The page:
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One of the core strategies often employed by organizations, engaged in a ‘back to the basics’ movement, is to commit to dusting off their ‘core competencies’, giving them a good shake and affirming to the organization ‘these are what made us great, so let’s start doing this again.’ Whether that set of core competencies is building cars, designing software, writing legitimate mortgages or playing the best of classic R & B in the area, it is the foundation in which greatness is established, supported, reinforced and sustained across the spectrum of time. While this focus is essential to organizational transformation, it is equally important to note that the symbolism of returning to ‘core competencies’ also means the shredding of ‘core in-competencies’, both of which have to be done with all deliberate speed. It is a recognized fact that as an organization experiences higher and broader levels of success, there is a tendency to expand the territory by moving into areas that are disconnected from the core and, eventually, become their own set of skills and behaviors. Success fosters its own hammock of comfort that when slowly stretched over time between arrogance and cavalier blindness, the result is an uncomfortable balancing act in which the slightest wind will cause it to flip over.
Core in-competencies start out as subtle, minor annoyances that float along the bottom of the screen saver. They are, generally, seen as unobtrusive behavior attached on the periphery of the organizational culture and as unimportant as a wayward sock stuck to a bundle of matching laundry. Over time, the discarded, unmatched socks become their own bundle of laundry that piles up in the middle of the organization disguised as bad habits in need of a place to be ineffective. An organization experiencing a run of success will find ways to cover up these festering in-competencies by trying to integrate them into the core as one more task that needs to be done. In time, the organization is now assembling cars and assembling furniture, designing software and designing men’s ware, writing mortgages and writing textbooks, playing classic R & B and playing classic Sinatra, all the while convinced that it is performing both equally as well and not moved to ask, “Is this business, our business?” Meanwhile, employees find a certain degree of comfort with routine in-competencies and use that to evaluate their own levels of productivity and effectiveness. Years later, what started out as a novel idea has evolved into an absurdity of epic proportion. The raw examples, creative accounting, FMLA, predatory mortgaging, MEAP scores, Management meltdowns and others, all suggest that there is an internal reevaluation and subsequent cleansing of all those behaviors that do not promote the core welfare, well-being and wellness of an organization that has gone beyond the scope of its original intent.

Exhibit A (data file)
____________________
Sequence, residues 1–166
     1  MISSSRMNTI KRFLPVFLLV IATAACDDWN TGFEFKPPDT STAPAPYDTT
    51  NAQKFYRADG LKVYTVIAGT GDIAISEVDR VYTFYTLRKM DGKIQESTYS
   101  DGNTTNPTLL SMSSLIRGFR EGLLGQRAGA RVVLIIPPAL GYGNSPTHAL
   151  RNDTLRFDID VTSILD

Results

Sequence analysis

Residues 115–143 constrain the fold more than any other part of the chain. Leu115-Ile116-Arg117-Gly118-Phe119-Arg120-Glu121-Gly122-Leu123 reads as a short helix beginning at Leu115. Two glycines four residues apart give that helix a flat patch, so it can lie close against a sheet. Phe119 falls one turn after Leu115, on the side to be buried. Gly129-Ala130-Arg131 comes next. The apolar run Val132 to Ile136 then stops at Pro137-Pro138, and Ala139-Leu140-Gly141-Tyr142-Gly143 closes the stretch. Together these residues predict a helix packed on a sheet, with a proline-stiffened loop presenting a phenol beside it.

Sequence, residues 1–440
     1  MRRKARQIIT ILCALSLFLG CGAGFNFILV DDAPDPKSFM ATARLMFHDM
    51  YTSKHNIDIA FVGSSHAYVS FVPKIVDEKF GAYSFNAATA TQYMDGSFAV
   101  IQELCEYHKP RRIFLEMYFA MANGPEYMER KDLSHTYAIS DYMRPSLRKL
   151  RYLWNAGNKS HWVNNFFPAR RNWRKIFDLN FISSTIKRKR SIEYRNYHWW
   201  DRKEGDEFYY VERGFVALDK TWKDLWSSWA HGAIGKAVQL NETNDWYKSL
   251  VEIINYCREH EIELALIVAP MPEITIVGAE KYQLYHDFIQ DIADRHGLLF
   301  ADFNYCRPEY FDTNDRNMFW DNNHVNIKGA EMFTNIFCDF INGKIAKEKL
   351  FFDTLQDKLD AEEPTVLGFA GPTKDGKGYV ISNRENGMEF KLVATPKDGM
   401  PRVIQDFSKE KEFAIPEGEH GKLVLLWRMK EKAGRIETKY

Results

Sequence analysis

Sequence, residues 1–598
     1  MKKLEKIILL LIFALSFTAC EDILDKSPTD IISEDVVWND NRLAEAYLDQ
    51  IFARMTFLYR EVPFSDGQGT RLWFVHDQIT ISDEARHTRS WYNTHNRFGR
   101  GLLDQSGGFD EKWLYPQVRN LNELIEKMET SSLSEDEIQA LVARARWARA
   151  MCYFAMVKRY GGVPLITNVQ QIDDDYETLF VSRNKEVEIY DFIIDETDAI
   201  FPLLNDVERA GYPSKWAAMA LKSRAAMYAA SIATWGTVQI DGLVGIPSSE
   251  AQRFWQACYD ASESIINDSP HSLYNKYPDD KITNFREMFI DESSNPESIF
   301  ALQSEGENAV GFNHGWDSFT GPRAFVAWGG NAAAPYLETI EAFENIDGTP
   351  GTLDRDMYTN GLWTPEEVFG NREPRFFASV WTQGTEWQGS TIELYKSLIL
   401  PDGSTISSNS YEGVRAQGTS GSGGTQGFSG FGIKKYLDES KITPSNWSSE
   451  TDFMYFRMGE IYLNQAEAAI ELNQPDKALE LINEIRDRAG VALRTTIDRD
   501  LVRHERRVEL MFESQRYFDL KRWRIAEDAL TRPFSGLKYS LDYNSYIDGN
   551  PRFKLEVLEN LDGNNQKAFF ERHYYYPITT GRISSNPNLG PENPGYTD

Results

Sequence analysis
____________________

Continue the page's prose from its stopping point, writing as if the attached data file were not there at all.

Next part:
For organizations caught in a globally, volatile market disruption, in which the first strategy is retrenchment, how do you get rid of something that has attached itself to your core and is hanging on for dear life? First comes the institutional questioning followed by raw truth-telling. If someone is bold enough to ask, “Why are we assembling furniture when we are a car company?” Then what has to follow is the truth about how that happened. “We originally thought that there were some production techniques that would transfer over into car production.” If, indeed, that is the truth, then don’t look to blame, but look to stop! From there, the task then becomes identifying all the behaviors, skills and knowledge that emerged as a result of that pilgrimage to disgrace land. Now, is this an indictment against taking on new challenges that promote the growth and development of an organization? It certainly is not, but it is recognition that the connection between broadening skills and profitable growth cannot be a haphazard strategy designed to fulfill a short term gain. There are already too many organizations skilled in that area. What’s needed is a focus on the growth strategies that build on the core competencies that sustain success and build toward a competitive future.

© 2013 Lee E. Meadows
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